31 Jul EPA Releases Draft Strategy Aimed at Protecting Endangered Species from Herbicide Use
On July 26, the United States Environmental Protection Agency (EPA) released its draft Herbicide Strategy aimed at protecting federally endangered and threatened (listed) species from conventional agricultural herbicides for public comment.
The Strategy describes proposed early mitigations for more than 900 listed species and designated critical habitats to reduce potential impacts from the agricultural use of these herbicides.
“Ensuring safe use of herbicides is an important part of EPA’s mission to protect the environment,” said Deputy Assistant Administrator for Pesticide Programs for the Office of Chemical Safety and Pollution Prevention Jake Li. “This strategy reflects one of our biggest steps to support farmers and other herbicide users with tools for managing weeds, while accelerating EPA’s ability to protect many endangered species that live near agricultural areas.”
Under the Strategy, EPA proposes to identify and begin mitigating for potential impacts even before EPA completes Endangered Species Act (ESA) consultations. These early mitigations should expedite EPA’s ability to fully comply with the ESA by reducing impacts to listed species before EPA conducts most of its ESA analysis.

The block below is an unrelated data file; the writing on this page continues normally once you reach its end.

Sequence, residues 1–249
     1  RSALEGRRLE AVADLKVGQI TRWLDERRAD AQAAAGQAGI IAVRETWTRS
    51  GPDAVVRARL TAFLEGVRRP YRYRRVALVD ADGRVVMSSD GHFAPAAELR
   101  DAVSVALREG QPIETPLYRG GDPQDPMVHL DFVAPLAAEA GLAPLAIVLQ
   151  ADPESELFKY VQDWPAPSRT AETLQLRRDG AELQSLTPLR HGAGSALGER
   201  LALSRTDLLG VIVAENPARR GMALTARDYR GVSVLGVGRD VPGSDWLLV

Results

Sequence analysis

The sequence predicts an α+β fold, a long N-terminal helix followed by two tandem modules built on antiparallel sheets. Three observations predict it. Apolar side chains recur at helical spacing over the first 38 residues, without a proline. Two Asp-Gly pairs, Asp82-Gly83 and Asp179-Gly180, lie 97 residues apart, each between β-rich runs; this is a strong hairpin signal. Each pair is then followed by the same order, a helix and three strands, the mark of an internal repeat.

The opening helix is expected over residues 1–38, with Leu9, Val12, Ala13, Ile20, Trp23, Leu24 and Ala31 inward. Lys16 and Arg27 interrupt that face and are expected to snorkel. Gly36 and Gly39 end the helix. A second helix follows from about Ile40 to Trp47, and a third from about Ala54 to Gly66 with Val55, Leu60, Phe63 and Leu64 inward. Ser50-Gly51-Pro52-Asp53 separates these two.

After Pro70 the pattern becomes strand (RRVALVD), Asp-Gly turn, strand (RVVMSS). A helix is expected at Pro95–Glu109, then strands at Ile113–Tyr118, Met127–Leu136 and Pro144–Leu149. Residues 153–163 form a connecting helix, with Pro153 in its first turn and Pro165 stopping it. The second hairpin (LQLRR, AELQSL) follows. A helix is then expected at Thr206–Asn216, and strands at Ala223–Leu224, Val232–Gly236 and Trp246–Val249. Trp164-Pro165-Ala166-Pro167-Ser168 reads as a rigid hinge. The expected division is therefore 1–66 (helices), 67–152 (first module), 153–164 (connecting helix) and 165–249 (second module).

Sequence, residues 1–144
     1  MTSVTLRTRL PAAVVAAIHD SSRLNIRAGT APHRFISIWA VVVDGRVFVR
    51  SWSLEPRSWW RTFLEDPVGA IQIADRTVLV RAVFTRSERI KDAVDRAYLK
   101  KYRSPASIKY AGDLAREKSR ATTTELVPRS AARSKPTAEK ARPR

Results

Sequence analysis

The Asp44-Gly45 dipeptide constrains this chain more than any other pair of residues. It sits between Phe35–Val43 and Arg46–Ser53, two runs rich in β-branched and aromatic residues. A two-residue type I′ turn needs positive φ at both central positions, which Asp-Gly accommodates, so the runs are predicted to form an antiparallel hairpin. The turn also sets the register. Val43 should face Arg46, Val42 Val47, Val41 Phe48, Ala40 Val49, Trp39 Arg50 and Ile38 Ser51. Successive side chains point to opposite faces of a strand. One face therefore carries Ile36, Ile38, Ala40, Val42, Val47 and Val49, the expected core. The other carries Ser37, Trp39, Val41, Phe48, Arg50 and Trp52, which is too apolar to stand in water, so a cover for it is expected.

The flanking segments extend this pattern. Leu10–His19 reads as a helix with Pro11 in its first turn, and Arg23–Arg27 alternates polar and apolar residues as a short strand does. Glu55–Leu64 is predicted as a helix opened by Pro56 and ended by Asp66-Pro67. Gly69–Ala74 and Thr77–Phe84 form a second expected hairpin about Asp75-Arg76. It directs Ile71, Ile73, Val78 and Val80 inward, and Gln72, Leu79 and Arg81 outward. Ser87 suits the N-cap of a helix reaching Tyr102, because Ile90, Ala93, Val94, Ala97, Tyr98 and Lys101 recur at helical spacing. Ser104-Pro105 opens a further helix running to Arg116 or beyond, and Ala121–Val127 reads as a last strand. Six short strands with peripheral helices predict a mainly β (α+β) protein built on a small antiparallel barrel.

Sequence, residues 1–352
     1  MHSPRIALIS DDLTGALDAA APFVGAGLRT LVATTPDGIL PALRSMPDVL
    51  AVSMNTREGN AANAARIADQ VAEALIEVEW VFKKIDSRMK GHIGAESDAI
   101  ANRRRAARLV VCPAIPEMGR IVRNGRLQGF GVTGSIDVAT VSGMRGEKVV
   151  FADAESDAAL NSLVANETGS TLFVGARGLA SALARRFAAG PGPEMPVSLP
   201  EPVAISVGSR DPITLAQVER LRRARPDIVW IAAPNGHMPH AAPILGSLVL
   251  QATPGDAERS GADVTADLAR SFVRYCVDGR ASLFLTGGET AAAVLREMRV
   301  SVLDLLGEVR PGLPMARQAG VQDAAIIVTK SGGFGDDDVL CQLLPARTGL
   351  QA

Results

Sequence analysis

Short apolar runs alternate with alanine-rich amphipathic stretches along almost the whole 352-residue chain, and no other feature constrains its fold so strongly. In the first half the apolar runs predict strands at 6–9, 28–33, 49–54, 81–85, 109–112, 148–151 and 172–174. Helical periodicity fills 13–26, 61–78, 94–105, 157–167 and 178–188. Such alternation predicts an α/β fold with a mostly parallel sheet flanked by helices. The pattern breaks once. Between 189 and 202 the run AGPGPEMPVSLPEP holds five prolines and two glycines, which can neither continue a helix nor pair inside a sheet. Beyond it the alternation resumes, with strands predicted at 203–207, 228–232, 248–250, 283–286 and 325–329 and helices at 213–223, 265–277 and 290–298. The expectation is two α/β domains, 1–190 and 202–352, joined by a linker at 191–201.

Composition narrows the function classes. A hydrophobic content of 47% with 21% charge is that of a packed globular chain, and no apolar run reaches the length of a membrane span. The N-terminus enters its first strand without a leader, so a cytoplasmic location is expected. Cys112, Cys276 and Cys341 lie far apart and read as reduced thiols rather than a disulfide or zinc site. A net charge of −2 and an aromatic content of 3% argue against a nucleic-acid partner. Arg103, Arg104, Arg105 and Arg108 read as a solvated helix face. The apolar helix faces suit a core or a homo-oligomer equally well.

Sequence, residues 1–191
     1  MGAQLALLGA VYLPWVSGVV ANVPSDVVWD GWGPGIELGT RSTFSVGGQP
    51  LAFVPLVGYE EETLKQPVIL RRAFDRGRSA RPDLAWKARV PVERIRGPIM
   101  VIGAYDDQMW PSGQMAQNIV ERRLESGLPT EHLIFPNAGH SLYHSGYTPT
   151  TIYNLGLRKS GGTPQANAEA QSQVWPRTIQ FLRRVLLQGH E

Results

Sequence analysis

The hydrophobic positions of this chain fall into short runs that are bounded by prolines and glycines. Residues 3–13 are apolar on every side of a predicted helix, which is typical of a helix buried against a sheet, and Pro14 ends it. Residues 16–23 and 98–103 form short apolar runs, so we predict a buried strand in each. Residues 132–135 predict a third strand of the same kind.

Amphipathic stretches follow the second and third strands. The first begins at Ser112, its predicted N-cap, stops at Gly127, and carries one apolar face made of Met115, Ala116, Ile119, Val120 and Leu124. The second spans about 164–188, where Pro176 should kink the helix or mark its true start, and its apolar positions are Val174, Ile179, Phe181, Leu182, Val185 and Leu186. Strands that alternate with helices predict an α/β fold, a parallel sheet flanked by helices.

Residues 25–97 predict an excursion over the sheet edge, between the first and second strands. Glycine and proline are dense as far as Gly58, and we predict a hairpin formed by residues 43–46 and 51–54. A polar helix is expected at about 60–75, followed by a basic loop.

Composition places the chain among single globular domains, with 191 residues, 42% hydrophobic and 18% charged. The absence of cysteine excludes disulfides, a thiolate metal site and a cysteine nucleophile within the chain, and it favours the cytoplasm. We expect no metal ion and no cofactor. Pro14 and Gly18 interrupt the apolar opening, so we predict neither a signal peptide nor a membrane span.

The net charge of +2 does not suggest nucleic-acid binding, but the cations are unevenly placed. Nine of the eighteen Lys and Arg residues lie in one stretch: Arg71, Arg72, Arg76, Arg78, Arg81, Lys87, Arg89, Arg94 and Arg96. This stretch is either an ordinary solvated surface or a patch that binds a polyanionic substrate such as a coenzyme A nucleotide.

EPA states the Strategy’s proposed mitigations reflect practices that can be readily implemented by growers and identified by pesticide applicators and that provide flexibility for growers to select the mitigations that work best for them.
The agency also noted the Strategy gives credit to landowners who are already implementing certain measures to reduce pesticide runoff. For example, existing vegetated ditches and water retention ponds will qualify for credits that reduce the need for additional mitigation. EPA also reported the Strategy would require less mitigation on flat lands, which are less prone to runoff, and in many western states, which typically experience less rain to carry pesticides off fields.
In the Herbicide strategy, producers are offered a menu of options to choose from to adhere to protections.
Here are the “guiding principles” EPA used to develop the strategy:
• Focus on minimizing impacts to non-target listed plants and animals that depend on plants.
• Focus on routes of exposure—spray drift and runoff/erosion.
• Develop mitigation measures that growers and applicators can easily use and let them choose the mitigation process that works best for them.
• Propose consistent mitigation measures for all conventional herbicides.
• Provide options for adding other measures in the future, particularly in adding new technology or information on the effectiveness of new measures.